Right Opinion

'You Cry at the Window Knowing There's Nothing You Can Do'

Tony Perkins · Apr. 1, 2020

Staying home can be tough, but it’s nothing like the nightmare our health care workers are experiencing. For thousands of brave men and women across country, their office is no longer a hospital or ER — it’s a combat zone. “You spend hours in your [patient’s] room,” nurse Claudia Griffith wrote in an emotional post to the outside world, “gowned up head-to-toe, sweating and not able to breathe. Then you realize… this is it. I can’t save this patient anymore. You sit there and say your goodbyes while they pass without family or loved ones, because nobody is allowed in the hospital for everyone’s safety. You are their only contact and hope.” Nothing, she says soberly, can describe it.

Even when they have a chance to sleep, the exhausted staff can’t. “My mind won’t shut off," one New York City nurse tried to explain. She lays in bed and cries, her mind filled with the faces of patients she lost. The helplessness is brutal, Claudia admits. "You don’t even know how this virus works, but you watch as it kills your patient.” To anyone who hasn’t seen the suffering, she insists, it’s real. And she’s pleading with the country to act like it is. Stay inside, Claudia begs, “as if your life depended on it.”

Theirs already do. And if Americans can’t bring themselves to isolate for their own sakes, then they should do it for the medical teams risking everything. “Take it seriously,” Johns Hopkins’s Dr. Martin Makary told listeners on “Washington Watch, "and take it seriously for the sake of our most vulnerable.” Right now, “our number one at-risk group,” he explained, “the number one profession who is mostly likely to get this infection is health care workers. And what you do in your day-to-day life will actually impact the health of [those] workers you’ve never met.”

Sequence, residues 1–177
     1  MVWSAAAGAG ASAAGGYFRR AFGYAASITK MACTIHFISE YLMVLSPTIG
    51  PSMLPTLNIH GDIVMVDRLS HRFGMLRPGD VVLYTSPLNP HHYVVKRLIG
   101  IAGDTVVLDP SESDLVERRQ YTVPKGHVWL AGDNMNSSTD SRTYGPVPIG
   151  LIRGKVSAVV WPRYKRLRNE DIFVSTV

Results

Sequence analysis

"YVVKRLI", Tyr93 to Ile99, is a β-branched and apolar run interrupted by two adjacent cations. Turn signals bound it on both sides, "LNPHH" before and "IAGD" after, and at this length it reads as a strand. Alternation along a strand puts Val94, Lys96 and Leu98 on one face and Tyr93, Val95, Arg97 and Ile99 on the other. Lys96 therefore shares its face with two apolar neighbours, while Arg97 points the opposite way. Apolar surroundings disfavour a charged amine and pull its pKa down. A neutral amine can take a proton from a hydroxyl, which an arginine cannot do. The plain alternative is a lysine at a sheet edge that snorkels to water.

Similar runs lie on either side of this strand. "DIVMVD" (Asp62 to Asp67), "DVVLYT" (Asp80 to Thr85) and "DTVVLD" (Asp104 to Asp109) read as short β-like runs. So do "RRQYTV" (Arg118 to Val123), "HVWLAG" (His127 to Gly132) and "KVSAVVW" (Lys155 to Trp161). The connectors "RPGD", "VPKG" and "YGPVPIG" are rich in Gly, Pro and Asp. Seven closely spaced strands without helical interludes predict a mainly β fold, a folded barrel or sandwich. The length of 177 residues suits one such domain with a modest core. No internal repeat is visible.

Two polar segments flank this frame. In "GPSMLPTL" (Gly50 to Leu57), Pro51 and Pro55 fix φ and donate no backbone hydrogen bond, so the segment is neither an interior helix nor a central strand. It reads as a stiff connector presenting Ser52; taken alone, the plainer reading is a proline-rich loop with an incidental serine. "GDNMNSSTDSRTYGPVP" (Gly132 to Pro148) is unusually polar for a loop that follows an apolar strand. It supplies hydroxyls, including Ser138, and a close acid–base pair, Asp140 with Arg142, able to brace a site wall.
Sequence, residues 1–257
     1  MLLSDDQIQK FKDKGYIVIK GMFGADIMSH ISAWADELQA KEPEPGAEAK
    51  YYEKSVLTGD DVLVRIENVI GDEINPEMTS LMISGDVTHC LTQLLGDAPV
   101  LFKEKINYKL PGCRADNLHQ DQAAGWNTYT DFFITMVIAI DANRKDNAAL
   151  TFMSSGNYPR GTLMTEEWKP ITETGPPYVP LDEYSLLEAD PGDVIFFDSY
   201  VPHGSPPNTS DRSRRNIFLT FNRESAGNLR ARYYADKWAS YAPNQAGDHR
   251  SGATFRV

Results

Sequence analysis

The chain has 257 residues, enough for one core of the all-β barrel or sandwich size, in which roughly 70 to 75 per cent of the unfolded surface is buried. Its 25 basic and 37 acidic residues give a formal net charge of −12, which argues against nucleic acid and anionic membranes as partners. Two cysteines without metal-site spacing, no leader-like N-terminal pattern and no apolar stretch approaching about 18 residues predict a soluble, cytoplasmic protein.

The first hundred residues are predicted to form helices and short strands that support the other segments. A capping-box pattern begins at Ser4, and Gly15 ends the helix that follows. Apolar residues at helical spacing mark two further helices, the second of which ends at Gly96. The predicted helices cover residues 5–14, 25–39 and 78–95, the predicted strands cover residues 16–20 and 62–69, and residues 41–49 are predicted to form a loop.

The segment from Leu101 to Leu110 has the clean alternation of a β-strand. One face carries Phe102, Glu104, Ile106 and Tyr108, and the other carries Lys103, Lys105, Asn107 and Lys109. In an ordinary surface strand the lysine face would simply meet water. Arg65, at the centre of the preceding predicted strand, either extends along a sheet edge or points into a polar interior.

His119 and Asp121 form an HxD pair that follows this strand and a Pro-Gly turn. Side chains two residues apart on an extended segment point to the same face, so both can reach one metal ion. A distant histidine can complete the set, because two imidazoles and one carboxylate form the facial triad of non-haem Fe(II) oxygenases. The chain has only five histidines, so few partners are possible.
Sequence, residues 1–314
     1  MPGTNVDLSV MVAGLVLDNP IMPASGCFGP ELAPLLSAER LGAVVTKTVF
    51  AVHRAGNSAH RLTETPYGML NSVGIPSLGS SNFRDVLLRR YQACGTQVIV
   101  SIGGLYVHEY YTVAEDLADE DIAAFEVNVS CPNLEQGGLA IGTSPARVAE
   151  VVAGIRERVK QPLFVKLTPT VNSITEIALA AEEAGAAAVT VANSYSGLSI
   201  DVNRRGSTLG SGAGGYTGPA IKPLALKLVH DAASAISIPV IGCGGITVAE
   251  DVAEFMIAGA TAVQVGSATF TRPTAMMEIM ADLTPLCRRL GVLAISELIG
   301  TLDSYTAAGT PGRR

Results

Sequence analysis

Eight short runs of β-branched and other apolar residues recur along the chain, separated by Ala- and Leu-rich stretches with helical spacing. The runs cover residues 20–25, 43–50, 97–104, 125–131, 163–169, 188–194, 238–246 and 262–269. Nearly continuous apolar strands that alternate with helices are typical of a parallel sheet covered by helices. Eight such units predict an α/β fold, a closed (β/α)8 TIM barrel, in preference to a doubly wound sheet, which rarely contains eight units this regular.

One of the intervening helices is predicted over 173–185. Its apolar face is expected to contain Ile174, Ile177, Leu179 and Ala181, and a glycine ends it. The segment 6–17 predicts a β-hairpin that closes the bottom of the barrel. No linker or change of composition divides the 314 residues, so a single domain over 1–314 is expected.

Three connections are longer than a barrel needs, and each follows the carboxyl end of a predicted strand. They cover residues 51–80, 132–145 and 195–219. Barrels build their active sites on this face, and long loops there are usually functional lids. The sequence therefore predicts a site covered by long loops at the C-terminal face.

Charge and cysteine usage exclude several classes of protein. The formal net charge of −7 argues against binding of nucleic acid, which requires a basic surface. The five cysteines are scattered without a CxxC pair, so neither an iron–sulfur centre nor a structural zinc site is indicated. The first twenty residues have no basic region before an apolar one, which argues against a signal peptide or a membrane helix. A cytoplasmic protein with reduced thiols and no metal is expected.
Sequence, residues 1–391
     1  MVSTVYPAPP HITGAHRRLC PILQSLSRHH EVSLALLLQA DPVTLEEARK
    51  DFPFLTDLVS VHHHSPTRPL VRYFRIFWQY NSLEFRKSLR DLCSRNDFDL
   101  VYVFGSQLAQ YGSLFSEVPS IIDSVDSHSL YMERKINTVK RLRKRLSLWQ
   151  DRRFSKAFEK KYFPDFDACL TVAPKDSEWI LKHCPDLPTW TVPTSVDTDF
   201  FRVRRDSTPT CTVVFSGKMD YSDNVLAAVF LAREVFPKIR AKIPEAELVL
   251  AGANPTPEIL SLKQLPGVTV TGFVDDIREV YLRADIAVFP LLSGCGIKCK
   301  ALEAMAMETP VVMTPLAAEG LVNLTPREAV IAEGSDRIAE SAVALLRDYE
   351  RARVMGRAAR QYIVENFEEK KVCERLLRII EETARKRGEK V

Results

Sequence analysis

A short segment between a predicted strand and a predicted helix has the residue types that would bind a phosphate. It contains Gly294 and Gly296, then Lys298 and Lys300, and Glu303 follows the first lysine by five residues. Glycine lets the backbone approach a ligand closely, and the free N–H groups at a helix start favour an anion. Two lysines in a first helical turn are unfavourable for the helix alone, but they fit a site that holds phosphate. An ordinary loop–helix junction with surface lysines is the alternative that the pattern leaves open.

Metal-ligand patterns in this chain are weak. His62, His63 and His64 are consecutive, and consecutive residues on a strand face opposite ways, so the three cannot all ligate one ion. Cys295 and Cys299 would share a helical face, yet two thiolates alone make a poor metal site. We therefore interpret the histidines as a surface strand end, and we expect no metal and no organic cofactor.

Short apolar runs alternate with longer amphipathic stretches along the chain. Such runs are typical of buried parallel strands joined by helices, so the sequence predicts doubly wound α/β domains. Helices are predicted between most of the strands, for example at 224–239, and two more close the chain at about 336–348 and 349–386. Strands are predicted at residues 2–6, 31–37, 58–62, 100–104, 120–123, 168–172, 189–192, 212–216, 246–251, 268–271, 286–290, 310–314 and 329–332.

“Folks may be going outside right now, saying, ‘It’s a beautiful day… My kids are in the backyard playing. What’s the big deal? I don’t know anyone who’s dying that I’m friends with.’” But the big deal, he said somberly, is that “we’re gearing up for a tsunami that’s going to hit with a massive impact…” With projections topping 200,000 casualties now, Dr. Makary thinks the government was right to limit people’s movements through at the least the end of April. “We want our leaders to… give us spirit and hope. But the reality is, they are all closely following these numbers — not only in the preview that we’re seeing in some countries overseas like Spain, but also locally in New York City…”

The administration is doing the best it can to prepare for the worst. That’s no easy task, Dr. Makary explained, even with all of the metrics and experts they have. Because “when that peak happens, talk to any doctor or nurse. It’s going to be ugly. We are basically at full capacity in some U.S. hospitals with very little room to take care of people that come in from this point forward… We are on track right now to have hundreds of thousands of deaths and millions more cases.”